The University of Nebraska-Lincoln has received an extension of its partnership with the Nebraska Library Commission to help communities across the state reimagine their libraries.
Nebraska Extension recently received a $282,568 grant from the U.S. Institute of Museum and Library Services, passed through the library commission, to continue a program providing portable makerspaces to rural public libraries.
Nebraska Innovation Studios provides support to the program, which offers high-tech electronic and computerized tools and equipment to libraries for up to five months for use by patrons.
Principal investigator Michelle Krehbiel said the grant would allow the makerspace program to continue until June 30 and enable about 10 additional libraries to participate. So far, more than 30 communities — including Hastings, Nebraska City, Grant and South Sioux City — have hosted a makerspace. The Hastings Public Library included a permanent makerspace as part of a major renovation project after trying out the temporary facility provided through the library commission and the university.
The new grant brings the program’s total award to more than $756,000 over four years.
“The project’s goal is to engage communities by introducing new technologies and tools to help local residents learn, explore and create,” said Krehbiel, a youth development specialist with Nebraska 4-H. “Additionally, the program is designed to help expand economic development and nurture creative entrepreneurial activities.”
Portable makerspaces currently are in place in libraries in Cambridge, Superior and St. Paul, with plans underway to provide spaces at libraries in Randolph and Bellevue, although the COVID-19 pandemic is complicating the effort.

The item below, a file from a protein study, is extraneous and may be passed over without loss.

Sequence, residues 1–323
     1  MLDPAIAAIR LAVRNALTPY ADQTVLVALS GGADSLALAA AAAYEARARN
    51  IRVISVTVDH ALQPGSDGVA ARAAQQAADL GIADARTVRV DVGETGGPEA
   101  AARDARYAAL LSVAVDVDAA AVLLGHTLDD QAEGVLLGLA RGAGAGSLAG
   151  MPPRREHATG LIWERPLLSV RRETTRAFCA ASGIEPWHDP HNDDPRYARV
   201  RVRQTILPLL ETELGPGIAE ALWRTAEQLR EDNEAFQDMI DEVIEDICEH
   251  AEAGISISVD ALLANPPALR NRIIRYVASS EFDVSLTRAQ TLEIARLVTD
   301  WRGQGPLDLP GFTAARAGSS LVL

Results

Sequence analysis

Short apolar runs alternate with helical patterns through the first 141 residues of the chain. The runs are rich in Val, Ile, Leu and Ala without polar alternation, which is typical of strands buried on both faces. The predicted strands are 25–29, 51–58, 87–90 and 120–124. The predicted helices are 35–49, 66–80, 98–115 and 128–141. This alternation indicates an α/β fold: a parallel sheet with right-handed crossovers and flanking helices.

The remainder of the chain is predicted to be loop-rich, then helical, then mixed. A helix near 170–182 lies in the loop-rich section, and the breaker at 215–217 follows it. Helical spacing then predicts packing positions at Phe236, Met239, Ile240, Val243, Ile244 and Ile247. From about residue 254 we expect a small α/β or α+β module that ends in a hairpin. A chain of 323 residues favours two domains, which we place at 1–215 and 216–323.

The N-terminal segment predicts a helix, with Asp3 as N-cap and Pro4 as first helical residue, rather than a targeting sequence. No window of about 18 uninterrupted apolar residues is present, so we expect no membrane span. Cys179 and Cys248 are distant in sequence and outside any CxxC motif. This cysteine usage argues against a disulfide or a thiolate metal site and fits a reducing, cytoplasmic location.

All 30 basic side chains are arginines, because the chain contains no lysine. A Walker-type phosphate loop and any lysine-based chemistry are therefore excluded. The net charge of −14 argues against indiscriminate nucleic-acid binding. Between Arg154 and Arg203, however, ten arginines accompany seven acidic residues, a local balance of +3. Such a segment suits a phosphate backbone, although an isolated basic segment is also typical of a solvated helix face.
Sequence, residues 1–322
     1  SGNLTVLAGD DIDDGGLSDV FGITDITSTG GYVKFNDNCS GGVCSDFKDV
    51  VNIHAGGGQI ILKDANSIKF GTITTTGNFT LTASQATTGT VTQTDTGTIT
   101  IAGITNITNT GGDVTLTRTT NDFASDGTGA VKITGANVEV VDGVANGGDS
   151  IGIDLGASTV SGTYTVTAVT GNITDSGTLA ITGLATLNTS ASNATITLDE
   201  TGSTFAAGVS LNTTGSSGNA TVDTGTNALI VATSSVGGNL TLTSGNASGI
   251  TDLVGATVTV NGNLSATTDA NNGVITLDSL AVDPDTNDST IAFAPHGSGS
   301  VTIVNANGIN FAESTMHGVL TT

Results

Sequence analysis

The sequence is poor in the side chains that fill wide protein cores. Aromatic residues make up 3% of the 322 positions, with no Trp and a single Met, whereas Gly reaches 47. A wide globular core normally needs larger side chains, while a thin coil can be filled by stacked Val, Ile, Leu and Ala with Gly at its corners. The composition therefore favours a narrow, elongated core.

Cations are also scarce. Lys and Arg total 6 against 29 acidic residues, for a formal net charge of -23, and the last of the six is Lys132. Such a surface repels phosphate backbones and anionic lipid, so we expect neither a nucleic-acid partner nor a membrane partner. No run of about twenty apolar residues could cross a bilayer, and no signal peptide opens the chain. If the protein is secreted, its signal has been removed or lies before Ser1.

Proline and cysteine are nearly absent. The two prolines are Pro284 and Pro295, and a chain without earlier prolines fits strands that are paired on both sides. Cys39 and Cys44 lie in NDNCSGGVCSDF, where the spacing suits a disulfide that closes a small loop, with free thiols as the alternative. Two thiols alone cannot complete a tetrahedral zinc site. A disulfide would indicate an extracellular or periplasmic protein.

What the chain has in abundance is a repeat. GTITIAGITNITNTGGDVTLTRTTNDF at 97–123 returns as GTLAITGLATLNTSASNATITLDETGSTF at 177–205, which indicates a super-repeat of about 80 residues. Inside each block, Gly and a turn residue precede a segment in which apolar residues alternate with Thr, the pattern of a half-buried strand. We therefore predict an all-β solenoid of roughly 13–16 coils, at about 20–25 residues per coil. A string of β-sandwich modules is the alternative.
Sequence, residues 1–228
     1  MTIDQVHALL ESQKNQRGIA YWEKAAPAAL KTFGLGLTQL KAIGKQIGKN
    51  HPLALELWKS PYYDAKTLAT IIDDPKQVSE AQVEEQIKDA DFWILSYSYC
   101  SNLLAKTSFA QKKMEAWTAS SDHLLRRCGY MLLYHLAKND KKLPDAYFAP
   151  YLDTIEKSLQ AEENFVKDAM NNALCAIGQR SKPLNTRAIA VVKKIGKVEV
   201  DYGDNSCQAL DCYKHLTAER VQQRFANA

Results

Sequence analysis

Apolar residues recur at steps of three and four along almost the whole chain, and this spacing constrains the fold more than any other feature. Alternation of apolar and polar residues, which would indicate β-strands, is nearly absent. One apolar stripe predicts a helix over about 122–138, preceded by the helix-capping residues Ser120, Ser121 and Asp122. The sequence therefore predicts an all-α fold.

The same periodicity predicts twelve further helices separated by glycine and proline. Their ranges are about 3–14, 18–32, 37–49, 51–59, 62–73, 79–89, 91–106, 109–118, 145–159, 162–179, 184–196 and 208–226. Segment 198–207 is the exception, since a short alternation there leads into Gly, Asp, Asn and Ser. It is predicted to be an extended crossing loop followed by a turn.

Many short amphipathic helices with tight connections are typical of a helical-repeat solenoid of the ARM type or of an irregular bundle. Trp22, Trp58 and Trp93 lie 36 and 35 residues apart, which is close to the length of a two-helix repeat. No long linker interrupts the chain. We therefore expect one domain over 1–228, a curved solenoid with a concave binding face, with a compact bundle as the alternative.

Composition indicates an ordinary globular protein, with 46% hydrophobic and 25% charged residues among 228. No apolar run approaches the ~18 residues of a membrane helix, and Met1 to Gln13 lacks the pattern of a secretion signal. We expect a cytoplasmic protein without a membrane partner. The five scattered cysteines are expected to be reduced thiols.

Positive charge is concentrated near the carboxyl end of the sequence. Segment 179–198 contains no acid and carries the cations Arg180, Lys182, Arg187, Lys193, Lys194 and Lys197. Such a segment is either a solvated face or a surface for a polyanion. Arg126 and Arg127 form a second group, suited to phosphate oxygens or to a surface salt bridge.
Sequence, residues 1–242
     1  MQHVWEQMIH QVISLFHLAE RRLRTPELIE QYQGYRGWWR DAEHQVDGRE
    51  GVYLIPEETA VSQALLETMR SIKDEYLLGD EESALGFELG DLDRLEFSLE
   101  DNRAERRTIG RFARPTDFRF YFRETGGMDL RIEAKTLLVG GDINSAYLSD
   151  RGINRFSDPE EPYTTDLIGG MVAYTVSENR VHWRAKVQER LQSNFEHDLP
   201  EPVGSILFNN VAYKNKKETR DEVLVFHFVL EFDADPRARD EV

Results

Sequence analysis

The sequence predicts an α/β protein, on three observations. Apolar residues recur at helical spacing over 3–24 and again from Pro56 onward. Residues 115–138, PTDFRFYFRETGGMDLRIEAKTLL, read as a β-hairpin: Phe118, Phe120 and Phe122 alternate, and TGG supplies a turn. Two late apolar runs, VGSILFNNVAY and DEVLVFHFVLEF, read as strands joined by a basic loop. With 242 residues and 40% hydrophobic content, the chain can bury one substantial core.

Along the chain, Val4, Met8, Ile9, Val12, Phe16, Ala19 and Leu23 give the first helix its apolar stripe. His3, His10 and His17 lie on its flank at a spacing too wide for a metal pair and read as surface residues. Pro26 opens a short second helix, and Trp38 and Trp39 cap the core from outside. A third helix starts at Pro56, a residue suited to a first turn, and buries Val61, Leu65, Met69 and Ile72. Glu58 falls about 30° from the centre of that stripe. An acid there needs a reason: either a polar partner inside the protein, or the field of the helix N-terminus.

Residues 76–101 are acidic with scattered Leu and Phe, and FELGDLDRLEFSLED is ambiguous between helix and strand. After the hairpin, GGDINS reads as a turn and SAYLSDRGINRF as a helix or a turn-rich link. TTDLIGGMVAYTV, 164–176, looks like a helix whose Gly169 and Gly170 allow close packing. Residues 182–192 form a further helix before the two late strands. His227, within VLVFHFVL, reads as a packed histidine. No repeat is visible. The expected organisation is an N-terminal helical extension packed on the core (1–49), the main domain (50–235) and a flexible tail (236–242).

“Several of the public libraries that we’ve served with this project have taken this as a catalyst to seriously reimagine the role of the public library in their community,” said Andy Schock, an instructional designer with Nebraska Innovation Studio who has trained library staff to assist patrons with the technology.
In addition to driving more traffic to libraries, the makerspaces have contributed to small-business development in participating communities. Some have used the heat press, laser cutter and other tools to print T-shirts, stamp designs on drinking glasses and make coasters to promote their businesses.
In one case, a local business owner in Nebraska City learned to use a sublimation printer and heat press and went on to purchase one for use in her quilting-related business. She also used the equipment to add photographic images to a family quilt.
“She printed some amazing photos of her relatives, such as grandparents and great-grandparents,” Krehbiel said. “The printer did a phenomenal job and had amazing quality, and she then incorporated those photos into a quilt.”